We are required to inspect each agency’s records at least twice a year and also have the power to inspect their records for compliance at any time. We report the results of our inspections to the Attorney General. The Telecommunications (Interception and Access) (NSW) Act 1987 prevents us from providing any further information about what we do under that Act.

Surveillance devices

The Surveillance Devices Act 2007 (the SD Act) sets out the requirements for the installation, use and maintenance of listening, optical, tracking and data surveillance devices.

It restricts the communication and publication of private conversations, surveillance activities and information obtained from using these devices. NSW law enforcement agencies are given power under the SD Act to use surveillance devices to investigate crime and corrupt conduct.

Applications are made to eligible judges for warrants to authorise the use of most surveillance devices. In the case of tracking devices – or retrieval warrants for tracking devices – applications can be made to eligible magistrates.

The Act imposes a number of record-keeping, reporting, use and security responsibilities on law enforcement officers granted a warrant. It also requires us to inspect the records of each agency from time to time to determine the extent of compliance with the Act, and to report to the Attorney General at six monthly intervals – 1 October to 30 June and 1 April to 31 December – on the results of those inspections. The Attorney then tables these reports and we make them available on this website.

Inspecting records of search warrants

Covert search warrants

Part 19 of the Law Enforcement (Powers and Responsibilities) Act 2002 requires the Ombudsman to inspect the records of the NSW Police Force, NSW Crime Commission and Police Integrity Commission every 12 months to determine whether they are complying with the requirements of the Act in relation to covert search warrants. We must also prepare a report of our work in this area for the Attorney General and Minister for Police.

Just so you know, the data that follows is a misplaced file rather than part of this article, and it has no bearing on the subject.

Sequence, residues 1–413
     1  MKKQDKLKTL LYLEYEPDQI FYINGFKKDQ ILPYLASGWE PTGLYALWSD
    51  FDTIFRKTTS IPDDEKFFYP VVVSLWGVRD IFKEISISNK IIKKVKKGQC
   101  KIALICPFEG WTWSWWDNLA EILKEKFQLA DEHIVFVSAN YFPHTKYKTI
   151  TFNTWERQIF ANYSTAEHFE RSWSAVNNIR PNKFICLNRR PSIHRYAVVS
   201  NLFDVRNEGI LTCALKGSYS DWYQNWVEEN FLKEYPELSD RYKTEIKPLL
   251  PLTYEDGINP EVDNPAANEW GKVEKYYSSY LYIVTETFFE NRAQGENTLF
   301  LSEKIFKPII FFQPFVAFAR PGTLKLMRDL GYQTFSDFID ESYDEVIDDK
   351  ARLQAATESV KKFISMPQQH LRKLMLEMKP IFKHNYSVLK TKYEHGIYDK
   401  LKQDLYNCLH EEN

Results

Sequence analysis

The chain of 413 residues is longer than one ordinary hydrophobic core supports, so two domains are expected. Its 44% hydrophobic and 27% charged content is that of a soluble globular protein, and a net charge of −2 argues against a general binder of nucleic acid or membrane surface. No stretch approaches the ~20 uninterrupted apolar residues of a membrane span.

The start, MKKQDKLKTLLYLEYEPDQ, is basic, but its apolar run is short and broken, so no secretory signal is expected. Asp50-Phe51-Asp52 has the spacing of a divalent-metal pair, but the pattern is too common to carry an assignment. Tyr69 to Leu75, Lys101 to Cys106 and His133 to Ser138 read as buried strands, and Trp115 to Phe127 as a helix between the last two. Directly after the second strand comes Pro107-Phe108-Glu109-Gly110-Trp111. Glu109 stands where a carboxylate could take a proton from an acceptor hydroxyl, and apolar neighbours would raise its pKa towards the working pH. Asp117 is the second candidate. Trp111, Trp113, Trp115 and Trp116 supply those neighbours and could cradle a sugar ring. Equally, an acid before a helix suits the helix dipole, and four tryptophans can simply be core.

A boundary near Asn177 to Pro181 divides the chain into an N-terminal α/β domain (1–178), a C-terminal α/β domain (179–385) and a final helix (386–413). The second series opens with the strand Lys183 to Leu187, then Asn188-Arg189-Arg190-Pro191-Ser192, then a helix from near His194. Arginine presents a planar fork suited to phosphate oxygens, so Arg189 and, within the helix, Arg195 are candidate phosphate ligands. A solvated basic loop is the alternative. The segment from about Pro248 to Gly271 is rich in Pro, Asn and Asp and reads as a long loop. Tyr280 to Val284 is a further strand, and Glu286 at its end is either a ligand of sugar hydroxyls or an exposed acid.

Criminal organisation search warrants

The Criminal Organisations Legislation Amendment Act 2009 introduced a new form of search warrant – a criminal organisation search warrant – which police can seek from an eligible judge of the Supreme Court. These warrants allow police to search premises for things connected with an ‘organised criminal offence’. These are serious indictable offences arising from, or occurring as a result of, organised criminal activity.

The powers conferred in these warrants are the same as for usual search warrants, except that they operate for seven days instead of 72 hours and have a lower evidentiary threshold (‘reasonable suspicion’) compared to ordinary search warrants (‘reasonable belief’). Applications to the eligible judge must be approved by a police officer of the rank of superintendent or above.

Under the legislation, we have to inspect and report on the records of the NSWPF every two years to ensure that the requirements of the Act are being complied with.

Criminal organisation search warrants are not covert, but we inspect them as part of our general program for inspecting records of covert operations.

Reports about the use of these search warrant powers are not made public.